Jeepers, creepers…. This is the way I see it
The three general reasons you might be experiencing deteriorating eyesight are:
1) It’s of your own doing
You’re asking too much of your eyes. We don’t restrict our visual field with newspapers, books, and sewing so much anymore. Now-a-days it’s all about screens – computer, tablet and smartphone. This type of exposure can result in eye strain, dry eyes, deteriorating vision and screen fatigue.
2) You’re starting to age
A progressive loss of vision is common in people over 40. Your eyesight changes because the focal length of your eyes change. You’ll know this is beginning to happen to you when you are forced to hold printed material at arm’s length in order to read it clearly. Alternatively, you may begin to experience fatigue and an aching head or eyes when doing close-up work on a computer or reading a book.
3) You’re of advanced age
The declining health of your eyes, due to old age, affects millions of people worldwide. More specifically, ageing affects the macula. This is the part of the eye that allows you to see fine detail. The deterioration of this is considered to be the leading cause of irreversible blindness in those over 65 years old.
When your vision becomes clear
Generally speaking, it’s relatively easy to rectify ‘user error’ when it comes to maintaining healthy vision. Simply make sure you take frequent breaks away from your computer screen to avoid ‘stressing out’ your peepers. (Less screen time. More green time.)
However, in the cases where your age is impacting the quality of your vision, then you’re going to have to make more of an effort. To have healthy eyes and therefore healthy eye function (bright, sharp & focused) these sensory organs require you to supply them with nutrients that support blood circulation & regulate blood pressure. Your eyes also need to be provided with nutrients that support lubrication, healthy nerve supply and natural resistance to oxidative stress.
Another important way you can support your eye health is by minimising known risk factors such as smoking, excessive alcohol intake, UV exposure, obesity, and having a high glycaemic index diet.
Is that crystal clear or clear as mud?
Delivering a steady flow of oxygen and antioxidants to our eyes is essential for keeping them functioning optimally. A potent tonic for your eyes is a combination of lutein, zeaxanthin and blackcurrant. This combination can calm eye strain and assist visual fatigue after strenuous computer tasks. The mechanism by which blackcurrant may contribute in relief of eye strain, is through its antioxidant actions; helping your eyes to adjust to different lighting and distances.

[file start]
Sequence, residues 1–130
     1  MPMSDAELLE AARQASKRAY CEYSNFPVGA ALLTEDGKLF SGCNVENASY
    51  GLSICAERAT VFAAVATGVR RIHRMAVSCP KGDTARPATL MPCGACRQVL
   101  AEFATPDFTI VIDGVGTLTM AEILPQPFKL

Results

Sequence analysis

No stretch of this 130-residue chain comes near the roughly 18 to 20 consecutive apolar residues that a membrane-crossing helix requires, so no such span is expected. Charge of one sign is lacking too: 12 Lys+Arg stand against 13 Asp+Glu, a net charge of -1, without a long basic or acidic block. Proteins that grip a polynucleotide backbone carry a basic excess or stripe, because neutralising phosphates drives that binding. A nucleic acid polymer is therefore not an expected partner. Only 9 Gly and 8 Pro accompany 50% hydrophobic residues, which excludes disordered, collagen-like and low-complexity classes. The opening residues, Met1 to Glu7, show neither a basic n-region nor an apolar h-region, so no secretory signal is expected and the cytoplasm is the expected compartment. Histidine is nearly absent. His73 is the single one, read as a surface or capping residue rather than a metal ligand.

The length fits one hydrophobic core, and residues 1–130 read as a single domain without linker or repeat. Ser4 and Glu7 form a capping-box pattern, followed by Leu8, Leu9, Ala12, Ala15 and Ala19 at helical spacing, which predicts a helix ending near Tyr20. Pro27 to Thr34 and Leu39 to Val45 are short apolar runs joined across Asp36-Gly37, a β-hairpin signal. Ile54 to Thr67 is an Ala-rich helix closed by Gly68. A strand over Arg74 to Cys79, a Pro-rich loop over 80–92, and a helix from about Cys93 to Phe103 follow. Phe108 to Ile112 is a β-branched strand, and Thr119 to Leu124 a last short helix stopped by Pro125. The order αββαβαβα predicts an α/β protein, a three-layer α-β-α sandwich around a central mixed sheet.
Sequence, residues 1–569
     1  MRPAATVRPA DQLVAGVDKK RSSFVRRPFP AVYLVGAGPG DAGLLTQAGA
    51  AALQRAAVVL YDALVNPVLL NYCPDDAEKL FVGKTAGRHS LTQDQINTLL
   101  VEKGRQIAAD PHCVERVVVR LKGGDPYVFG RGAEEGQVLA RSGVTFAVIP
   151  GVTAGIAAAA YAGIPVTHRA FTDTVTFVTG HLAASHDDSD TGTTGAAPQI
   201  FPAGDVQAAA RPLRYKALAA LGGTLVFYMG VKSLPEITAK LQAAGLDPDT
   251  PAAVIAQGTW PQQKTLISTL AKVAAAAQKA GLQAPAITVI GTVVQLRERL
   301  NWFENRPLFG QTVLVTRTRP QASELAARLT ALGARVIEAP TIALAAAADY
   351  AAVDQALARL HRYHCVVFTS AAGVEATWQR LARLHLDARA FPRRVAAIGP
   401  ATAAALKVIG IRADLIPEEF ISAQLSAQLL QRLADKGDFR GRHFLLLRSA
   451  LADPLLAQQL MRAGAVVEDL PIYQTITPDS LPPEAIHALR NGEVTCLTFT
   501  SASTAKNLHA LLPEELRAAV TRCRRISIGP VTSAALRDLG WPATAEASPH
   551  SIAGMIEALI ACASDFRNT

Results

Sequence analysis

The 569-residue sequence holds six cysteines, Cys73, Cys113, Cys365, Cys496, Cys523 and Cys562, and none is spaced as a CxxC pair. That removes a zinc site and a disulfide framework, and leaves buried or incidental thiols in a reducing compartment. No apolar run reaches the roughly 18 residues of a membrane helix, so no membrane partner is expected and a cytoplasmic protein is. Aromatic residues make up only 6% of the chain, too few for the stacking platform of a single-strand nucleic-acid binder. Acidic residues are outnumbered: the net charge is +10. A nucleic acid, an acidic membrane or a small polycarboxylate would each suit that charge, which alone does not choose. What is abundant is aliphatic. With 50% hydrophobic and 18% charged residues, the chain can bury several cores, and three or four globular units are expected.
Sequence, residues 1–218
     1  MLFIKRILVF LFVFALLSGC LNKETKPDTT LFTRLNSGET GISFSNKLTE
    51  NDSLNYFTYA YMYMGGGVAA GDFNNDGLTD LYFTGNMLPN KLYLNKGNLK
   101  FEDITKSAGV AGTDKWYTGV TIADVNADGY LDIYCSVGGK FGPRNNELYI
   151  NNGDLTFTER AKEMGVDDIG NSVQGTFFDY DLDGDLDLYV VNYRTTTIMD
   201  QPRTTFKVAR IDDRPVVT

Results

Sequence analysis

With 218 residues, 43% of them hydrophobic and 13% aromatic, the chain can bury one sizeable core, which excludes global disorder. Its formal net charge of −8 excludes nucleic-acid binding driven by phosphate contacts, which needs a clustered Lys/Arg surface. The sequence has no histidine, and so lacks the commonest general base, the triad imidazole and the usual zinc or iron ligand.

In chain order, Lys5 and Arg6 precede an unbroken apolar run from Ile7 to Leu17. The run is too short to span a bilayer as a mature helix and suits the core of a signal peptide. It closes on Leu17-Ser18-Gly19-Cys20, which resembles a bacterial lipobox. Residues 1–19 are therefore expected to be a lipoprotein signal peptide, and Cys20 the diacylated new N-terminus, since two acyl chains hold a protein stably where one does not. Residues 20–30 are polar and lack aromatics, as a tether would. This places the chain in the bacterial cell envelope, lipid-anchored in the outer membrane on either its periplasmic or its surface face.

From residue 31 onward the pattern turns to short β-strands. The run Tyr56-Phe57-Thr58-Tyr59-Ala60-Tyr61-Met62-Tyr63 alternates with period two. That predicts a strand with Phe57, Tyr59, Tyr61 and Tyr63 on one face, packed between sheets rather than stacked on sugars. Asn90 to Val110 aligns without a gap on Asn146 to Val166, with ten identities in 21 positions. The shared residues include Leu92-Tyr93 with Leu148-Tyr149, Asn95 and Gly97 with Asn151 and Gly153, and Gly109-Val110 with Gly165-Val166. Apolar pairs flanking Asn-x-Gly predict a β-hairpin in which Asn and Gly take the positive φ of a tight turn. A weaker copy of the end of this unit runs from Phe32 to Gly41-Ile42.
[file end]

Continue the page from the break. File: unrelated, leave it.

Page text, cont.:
Examples of helpful eye nutrients include
Calendula flowers & Dandelion greens: These two herbs supply lutein & zeaxanthin
Ginkgo leaves: This herb provides circulatory and neuro-protective support
Eyebright: As the name suggests, this is a specific herb for eye health
The nutrients lutein and zeaxanthin are found in high concentrations in the macula of the eye. Here, these two substances are found in quantities several thousand times higher than in the blood. Interestingly, the same nutrients used for supporting vision are also strongly linked to healthy brain function. (Which, I’m sure you’ll agree, is definitely worth aiding in advancing age…)
An observational study has found that supplementing with lutein can contribute significantly to macular pigment density in the elderly. (Low levels of lutein are associated with poor eye health.) Lutein helps to protect the macula from free radical damage. Therefore these nutrients are vital in ageing eyes.
Be visionary with berries
Compared to both bilberries and blueberries, not only do New Zealand blackcurrants have superior overall antioxidant (polyphenols) activity but they also have one of the highest levels of Vitamin C.
Vitamin C is known to protect cells from free radical damage, as well as normalise blood vessel structure & nerve function. This vitamin can therefore also help to manage eye fatigue, maintain the visual field, and generally promote eye health.
Berry good then – the eyes have it!
Let’s get to work to sharpen up your vision.
TAPS Code: PP1391
ABOUT THE AUTHOR
Lisa Fitzgibbon is a qualified (2006), experienced and registered Naturopath + Medical Herbalist. She draws on her professional training + experience, as well as her own personal experience to bring you realistic, holistic health advice. Lisa writes the popular health blog: www.lisasaid.so